Now, I have to tell you too that your answers to my first set of questions still evoke more questions. In order to create the spreadsheet with all the functionality you are pointing toward we're going to have to get a LOT more precise and thorough. Again, these questions are just "for example" questions. If we were sitting down face to face, we'd need to be spending a LOT of time, I suspect, just spelling out the test or target conditions, how we need to recognize them, and then the consequences row-by-row and column-by-column.

For example:

You wrote: The target condition has to exist in one column and one column only, I need excel scan all of Column A for the target condition. If it see's the target in the cell then the consequences follow in the row that the target was identified in.

My original question, however, had been:

Does that target condition have to exist in those three rows and only those three rows in order for the consequences to follow? I understood that the conditions were in one column. That was not the question. So please spell out more whether the row in which the target conditions appears is significant, whether the number of times the target condition appears is significant (and, in each case, what the significance is; for example, is something more serious if it appears two times rather than one, more serious if it's four times, ETC; "ETC" meaning "spell this out fully". It's clear in your mind, no doubt, but if you want help that is truly helpful, you'll need to articulate these conditions thoroughly.)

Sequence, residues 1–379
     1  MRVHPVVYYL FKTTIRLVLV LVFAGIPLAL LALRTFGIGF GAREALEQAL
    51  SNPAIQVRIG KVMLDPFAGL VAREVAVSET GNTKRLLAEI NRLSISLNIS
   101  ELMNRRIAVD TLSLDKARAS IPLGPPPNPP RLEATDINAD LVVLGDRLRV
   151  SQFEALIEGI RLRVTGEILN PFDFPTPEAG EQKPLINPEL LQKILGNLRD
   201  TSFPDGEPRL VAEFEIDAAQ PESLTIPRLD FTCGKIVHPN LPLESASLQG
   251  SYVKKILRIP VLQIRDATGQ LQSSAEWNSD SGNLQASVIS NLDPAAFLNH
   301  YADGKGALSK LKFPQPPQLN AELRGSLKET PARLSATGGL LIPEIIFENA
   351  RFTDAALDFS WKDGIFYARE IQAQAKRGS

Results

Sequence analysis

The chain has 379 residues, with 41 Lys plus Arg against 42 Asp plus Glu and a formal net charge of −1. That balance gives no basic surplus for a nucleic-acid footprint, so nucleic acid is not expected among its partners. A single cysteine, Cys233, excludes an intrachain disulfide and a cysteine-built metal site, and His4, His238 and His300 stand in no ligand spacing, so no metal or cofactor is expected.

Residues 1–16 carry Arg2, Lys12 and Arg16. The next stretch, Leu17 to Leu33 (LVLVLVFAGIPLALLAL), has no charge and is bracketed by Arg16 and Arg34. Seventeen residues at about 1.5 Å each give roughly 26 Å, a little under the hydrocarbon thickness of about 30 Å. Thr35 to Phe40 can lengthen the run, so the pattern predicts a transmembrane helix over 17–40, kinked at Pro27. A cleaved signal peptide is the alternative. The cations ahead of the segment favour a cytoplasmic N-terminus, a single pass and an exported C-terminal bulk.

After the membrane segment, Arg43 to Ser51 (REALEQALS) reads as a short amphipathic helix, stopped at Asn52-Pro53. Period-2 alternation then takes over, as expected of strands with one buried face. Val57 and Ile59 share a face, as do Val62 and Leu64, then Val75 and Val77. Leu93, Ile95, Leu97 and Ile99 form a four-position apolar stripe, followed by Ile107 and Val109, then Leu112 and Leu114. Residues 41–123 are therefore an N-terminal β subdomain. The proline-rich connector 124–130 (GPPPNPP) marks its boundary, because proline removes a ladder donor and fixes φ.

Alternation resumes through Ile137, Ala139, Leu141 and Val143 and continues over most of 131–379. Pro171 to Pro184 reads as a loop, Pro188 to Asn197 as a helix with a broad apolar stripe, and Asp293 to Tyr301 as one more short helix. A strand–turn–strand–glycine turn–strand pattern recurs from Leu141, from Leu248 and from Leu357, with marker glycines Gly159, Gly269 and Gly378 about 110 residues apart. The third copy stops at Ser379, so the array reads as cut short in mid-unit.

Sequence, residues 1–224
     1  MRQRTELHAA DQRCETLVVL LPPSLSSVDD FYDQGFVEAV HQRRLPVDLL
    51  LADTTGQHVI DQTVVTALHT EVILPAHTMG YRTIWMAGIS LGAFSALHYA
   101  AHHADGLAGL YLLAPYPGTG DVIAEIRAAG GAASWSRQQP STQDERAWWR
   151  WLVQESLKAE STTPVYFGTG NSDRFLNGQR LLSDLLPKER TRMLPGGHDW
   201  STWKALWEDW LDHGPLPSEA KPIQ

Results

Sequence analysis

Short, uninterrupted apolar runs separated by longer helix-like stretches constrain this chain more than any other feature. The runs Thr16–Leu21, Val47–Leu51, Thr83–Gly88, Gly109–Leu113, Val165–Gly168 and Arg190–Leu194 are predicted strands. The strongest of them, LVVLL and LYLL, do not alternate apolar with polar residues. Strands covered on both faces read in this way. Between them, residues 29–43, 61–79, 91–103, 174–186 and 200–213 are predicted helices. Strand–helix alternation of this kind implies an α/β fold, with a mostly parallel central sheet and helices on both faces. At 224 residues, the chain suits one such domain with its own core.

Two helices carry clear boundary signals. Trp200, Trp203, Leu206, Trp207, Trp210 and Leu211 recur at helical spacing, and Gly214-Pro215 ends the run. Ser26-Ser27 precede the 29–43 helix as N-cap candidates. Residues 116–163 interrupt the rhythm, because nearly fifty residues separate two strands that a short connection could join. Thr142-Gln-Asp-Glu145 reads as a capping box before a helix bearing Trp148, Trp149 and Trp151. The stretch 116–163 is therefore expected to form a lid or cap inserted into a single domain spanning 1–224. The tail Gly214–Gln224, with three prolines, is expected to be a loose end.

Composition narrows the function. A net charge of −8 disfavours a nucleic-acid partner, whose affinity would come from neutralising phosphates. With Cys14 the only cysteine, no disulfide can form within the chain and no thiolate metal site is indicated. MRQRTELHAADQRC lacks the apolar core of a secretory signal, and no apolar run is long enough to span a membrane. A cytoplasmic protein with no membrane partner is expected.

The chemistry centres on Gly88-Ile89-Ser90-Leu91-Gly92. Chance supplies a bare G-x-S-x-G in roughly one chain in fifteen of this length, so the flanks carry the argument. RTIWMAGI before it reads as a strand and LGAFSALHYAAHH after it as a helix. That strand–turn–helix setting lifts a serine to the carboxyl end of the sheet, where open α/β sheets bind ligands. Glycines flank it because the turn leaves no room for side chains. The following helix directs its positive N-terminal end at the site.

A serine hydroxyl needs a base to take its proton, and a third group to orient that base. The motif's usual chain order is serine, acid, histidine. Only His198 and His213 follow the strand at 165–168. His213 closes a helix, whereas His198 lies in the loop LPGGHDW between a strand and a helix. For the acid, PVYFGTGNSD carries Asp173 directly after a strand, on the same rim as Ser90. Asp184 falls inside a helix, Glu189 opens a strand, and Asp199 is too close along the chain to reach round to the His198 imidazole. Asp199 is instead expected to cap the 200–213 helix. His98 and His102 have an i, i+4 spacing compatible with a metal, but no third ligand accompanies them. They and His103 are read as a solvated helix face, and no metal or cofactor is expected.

You wrote:  The consequences do take place in every row eventually, for now some are blank until I gather that information.
Each consequence is different for columns B-Q for the row that the original target was identified on for example. If target is found on A14, the B14 needs to say 'X' and C14 needs to say 'Y' and so on.
There will be different consequences for different targets for example if A5 is X and X=13, but A6 is Y and Y=12 then I need the rest of the row to be different based on what is in A.
I envision 1 condition for 1 waste stream I am looking at having around 20-25 waste streams.

And I can barely begin to ask the clarifying questions needed here. Especially given your last comment about envisioning 20 to 25 waste streams. Perhaps what you need to do is create a table that illustrates all of this. Excel has excellent tools for parsing tables of data, and that appears to be what's needed. Something that shows condition in A, consequences in B-Q, row by row....whatever. But you're going to need to spell them out.

We can't write specific Excel formulas based on general concepts. The specific condition:consequence connections need to be spelled out, in this case in detail. You might begin with an example or two, but those examples will need to be clear and complete. All you've done so far, even with the spreadsheet available, is pretty general (unless I'm missing something, which I suppose is possible).

# Re: Giant =IF statement

@mathetes